Need Isn’t Always a Valid Criteria in MLB Draft

As the 2020 MLB Amateur Baseball Draft approaches for the Pirates, one thing above all is clear. Predicting how they will go or whom they will pick is next to impossible. I mean, in no way do I consider myself to be a prospect or draft expert, but it’s fair to say I work fairly closely to one.

There are just too many variables at play; Ben Cherington’s first draft in Pittsburgh, drastically shortened draft with no history to draw from as to how it will all play out, and maybe most impactful, the Pirates have so very many needs.

One position has a head start, Catcher. So, the easy call is getting the best catcher in the draft right? Maybe, but what are you willing to pass on to make that call? What if the difference between the best and 3rd best isn’t measurable? Are you convinced 4 or 5 years from now your greatest need will still need filled?

That last question there is one the Pirates rarely have to face, rarely extending players beyond original team control creates a system that if implemented correctly doesn’t’ just want turnover, it needs it. If Jacob Stallings is the answer and the Bucs sign him for 6 years at say 7 million a year, they would still need someone else in the pipeline.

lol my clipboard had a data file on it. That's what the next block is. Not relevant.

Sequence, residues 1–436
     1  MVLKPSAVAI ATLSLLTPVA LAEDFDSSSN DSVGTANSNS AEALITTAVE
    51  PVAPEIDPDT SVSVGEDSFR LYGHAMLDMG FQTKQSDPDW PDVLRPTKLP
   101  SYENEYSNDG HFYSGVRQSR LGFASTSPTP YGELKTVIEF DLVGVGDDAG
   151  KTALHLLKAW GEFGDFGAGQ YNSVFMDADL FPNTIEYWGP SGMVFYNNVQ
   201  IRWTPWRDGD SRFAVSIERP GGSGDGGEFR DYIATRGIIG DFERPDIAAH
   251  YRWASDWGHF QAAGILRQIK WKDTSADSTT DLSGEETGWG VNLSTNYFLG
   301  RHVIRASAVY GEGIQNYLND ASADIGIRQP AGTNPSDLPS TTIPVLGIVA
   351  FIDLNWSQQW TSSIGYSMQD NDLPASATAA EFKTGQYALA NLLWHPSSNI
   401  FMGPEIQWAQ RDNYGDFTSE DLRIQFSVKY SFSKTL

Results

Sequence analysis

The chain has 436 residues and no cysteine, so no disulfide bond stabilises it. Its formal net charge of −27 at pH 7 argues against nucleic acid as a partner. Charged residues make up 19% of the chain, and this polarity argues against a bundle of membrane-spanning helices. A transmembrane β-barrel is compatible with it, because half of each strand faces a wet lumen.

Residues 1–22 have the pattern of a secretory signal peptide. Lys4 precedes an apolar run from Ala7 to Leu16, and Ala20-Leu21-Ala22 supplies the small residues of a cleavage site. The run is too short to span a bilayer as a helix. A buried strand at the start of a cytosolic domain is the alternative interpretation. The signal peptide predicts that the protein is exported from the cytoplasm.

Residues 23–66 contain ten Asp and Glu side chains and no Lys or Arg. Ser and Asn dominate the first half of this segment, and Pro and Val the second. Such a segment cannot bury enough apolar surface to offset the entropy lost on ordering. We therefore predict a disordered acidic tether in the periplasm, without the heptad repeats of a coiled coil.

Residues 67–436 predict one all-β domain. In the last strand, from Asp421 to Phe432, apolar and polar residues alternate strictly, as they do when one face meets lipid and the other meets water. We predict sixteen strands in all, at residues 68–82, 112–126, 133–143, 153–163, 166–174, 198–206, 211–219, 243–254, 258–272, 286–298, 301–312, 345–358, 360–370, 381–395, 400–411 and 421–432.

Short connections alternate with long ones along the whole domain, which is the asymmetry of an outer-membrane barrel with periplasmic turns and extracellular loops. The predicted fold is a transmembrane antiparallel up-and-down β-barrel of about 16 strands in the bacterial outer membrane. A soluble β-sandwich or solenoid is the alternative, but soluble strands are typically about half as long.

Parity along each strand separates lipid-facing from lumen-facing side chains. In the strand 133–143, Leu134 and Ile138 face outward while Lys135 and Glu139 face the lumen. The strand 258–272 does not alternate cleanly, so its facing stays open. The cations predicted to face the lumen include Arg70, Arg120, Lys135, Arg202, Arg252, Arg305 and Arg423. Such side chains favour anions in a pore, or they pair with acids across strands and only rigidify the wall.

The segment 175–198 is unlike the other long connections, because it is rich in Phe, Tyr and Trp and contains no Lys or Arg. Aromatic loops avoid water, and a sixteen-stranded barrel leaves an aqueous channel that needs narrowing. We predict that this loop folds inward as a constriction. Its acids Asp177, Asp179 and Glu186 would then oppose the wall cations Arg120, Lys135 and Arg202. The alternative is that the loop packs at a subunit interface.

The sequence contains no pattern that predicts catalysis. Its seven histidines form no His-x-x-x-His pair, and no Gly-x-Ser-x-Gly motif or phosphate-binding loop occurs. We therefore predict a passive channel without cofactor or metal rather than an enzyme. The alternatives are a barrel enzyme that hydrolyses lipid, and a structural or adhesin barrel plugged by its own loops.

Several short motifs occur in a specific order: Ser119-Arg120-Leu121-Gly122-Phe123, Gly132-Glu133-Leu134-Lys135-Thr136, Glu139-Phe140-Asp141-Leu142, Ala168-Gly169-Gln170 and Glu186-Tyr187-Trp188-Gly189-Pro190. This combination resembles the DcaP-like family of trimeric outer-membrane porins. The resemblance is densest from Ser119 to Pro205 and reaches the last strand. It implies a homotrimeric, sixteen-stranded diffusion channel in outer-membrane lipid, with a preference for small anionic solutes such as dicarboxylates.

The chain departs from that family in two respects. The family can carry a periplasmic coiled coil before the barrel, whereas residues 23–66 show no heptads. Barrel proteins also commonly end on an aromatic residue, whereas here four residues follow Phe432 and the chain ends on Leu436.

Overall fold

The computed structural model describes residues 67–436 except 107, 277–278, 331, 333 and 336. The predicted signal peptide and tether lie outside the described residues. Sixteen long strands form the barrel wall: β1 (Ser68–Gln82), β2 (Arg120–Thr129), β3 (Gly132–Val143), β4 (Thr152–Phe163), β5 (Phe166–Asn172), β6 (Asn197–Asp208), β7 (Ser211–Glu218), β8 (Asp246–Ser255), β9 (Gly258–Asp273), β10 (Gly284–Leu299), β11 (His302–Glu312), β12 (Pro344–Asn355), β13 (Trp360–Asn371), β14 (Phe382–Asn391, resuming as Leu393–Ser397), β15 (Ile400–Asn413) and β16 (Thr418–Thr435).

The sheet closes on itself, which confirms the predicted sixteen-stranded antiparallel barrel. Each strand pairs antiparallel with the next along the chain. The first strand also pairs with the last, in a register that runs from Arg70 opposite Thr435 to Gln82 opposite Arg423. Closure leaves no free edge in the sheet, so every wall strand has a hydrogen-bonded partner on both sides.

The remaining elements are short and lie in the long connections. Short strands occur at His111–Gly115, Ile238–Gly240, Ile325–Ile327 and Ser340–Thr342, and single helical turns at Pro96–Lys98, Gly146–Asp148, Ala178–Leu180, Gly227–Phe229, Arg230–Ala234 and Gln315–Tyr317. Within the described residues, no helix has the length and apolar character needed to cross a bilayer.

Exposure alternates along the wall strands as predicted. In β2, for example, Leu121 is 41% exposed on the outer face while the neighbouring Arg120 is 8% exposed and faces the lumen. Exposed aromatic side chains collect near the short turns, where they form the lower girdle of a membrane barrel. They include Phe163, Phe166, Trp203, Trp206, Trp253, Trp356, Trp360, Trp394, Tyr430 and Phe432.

Many people make the mistake of thinking the MLB draft is like the NFL. Your team lost their starting Safety, you try to get one in the draft or sign one. Surely the Pirates could pull off option 2 but unlike the NFL whomever they pick is not going to show up with bells on ready to plug into the major league lineup.

With Baseball, I can’t ever get past one doctrine when it comes to the draft, especially since the slot system was implemented, get the best player available regardless of position. Now, that doesn’t mean take Baseball America’s list verbatim, but trust your scouts. If you have a guy slotted at number five and he somehow falls in your lap, take him. Pitcher, shortstop, catcher, anything.

I think many people reading this remember the Littlefield era, where we chose a pitcher number 1 every draft for the best part of a decade.  Some were a stretch, some were about believing they’d sign for less, others still were overt misses. This wasn’t an accident or simple stupidity. This was a plan, the most expensive position and one the Bucs had struggled with since the early 90’s was starting pitching. The plan was, develop the pitching and the hitting would follow. Unfortunately, neither worked.

That’s not to say avoid pitching, its simply saying if you have 3 pitchers rated top 7, and they’re gone when your turn comes, please don’t reach.

No matter how this draft is handled, the Pirates need to put a foot down right here and now. Number one picks need to start panning out with more regularity. I’m not interested in another Double Fist Tony Sanchez.

Published by Gary Morgan

Former contributor for Inside the Pirates an SI Team Channel

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